Going back to Kevin’s points about religion, this is also the case with atheism. So many people who don’t believe in god call themselves agnostics or “spiritual”. Atheism as a brand has a reputation defining itself as anti-religious, and that brand’s reputation is heavy on defiance, non-conformity, and anger. People are scared of that brand, don’t see themselves as part of that pack, so they shy away from the label entirely. Niches, whether political or religious, tend to become insular and more extreme as they define themselves opposite moderation.
So, what’s the takeaway? Well, it’s first and foremost to recognize who and what we are. You can’t solve a problem unless you identify that it’s a problem at all. Pack mentality is one of the key attributes of confirmation bias. It’s one of the key reasons we engage in appeal to motive in arguments–we fundamentally see “them” as being motivated by everything that’s evil and wrong with the world while excusing our side as well-meaning even when wrong. And when we follow Reagan’s Eleventh Commandment, we are explicitly allowing pack allegiance to trump ideological consistency. We value “our side” winning more than we value the truth.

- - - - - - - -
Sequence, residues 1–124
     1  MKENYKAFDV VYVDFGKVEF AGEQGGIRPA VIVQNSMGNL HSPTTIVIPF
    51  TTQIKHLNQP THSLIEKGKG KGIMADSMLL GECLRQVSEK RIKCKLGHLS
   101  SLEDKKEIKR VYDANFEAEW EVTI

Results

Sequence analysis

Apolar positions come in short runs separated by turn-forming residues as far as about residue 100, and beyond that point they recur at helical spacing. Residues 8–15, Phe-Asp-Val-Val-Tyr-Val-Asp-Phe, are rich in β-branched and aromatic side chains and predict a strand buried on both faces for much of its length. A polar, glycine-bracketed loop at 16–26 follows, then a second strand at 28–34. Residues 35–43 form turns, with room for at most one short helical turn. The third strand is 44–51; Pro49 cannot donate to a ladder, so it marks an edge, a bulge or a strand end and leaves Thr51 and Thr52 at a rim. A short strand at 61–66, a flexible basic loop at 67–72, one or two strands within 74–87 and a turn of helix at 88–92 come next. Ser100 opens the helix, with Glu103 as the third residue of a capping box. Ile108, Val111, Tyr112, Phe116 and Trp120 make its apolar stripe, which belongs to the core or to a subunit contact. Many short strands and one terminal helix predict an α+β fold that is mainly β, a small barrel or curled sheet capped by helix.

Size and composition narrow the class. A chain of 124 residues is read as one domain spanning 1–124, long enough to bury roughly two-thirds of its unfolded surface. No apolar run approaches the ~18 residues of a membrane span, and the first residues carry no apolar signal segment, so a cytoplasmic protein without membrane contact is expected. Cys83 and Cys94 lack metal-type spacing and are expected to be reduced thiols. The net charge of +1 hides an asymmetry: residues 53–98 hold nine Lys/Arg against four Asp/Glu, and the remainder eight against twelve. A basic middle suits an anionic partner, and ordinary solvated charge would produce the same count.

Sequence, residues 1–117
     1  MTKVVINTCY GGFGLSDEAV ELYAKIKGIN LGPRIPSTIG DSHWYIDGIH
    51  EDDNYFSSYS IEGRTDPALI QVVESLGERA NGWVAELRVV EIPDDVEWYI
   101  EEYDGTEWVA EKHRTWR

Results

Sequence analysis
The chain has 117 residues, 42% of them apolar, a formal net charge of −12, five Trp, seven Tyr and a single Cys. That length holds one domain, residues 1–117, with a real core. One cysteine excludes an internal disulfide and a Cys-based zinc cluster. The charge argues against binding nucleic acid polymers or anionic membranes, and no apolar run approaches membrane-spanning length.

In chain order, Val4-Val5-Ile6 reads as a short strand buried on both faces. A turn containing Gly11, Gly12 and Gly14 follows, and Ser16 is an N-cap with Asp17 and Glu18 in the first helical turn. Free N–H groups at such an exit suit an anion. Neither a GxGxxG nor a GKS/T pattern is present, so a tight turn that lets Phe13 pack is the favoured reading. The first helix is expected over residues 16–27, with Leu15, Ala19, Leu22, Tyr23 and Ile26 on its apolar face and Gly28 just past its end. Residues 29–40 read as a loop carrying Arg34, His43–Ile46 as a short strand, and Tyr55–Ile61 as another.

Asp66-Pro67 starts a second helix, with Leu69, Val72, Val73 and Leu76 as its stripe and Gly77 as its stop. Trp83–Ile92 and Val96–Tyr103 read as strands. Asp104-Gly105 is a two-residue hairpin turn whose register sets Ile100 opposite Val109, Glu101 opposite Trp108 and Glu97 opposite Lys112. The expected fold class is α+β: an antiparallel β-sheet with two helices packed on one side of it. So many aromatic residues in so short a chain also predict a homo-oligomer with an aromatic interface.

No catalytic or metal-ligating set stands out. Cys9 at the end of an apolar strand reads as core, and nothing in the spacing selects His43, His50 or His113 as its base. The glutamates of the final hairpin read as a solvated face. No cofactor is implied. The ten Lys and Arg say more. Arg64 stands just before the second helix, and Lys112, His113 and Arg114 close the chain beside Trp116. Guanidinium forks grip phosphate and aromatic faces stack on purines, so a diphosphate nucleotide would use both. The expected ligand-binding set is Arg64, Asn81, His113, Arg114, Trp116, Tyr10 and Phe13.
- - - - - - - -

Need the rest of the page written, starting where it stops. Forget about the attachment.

We have natural tendencies towards pack mentality. This is part of our evolutionary biology. But it’s dangerous, and doesn’t have any place in the modern, multicultural, globally interconnected world in which we live today. We need to recognize it and guard against it. Because when you actually sit down and break bread with the people who seem so different to you, you find out that we’re really not as different as we seem. We need to come around to a world that’s not “us vs them”, because when it really comes down to it, it’s all just “us”.
Don Boudreaux lays out a cohesive, detailed, and very compelling case against the entire mentality behind “you didn’t build that.” In one sense, the charge is true. Whether public or private, the infrastructure and the products of an entire worldwide market in goods and services is a key enabler to allow entrepreneurs to be successful. This includes things like government roads, education systems, etc. This is true, and not really a point of argument.
But the “you didn’t build that” charge takes it one step further and places the credit for successful entrepreneurship at the feet of all that infrastructure. If this were the case, entrepreneurship would be easy. But it’s not. It’s what entrepreneurs do to create value above and beyond all that infrastructure that makes them successful. And that’s a story that isn’t well-written anywhere–until now.
I try to set a high bar for linking off-site, since I so rarely post. I do it when I see something that really deserves a read, and this post cleared that bar easily.
I was, of course, immediately thrown into unabashed excitement. But then I thought about it. And my excitement became thoroughly bashed.
I’d like to think Hollywood can make a good movie out of this. I mean, I don’t expect any Professor Bernardo de la Paz soliloquies about rational anarchy. Just like you can’t make a good movie with a 40-page John Galt speech*, some of what de la Paz goes into will be way over the heads of the typical audience member. It’s not that I want a Heinlein fanboy or hardcore libertarian directing this movie, because that’s one way that you can turn an awesome book into a preachy, boring position piece.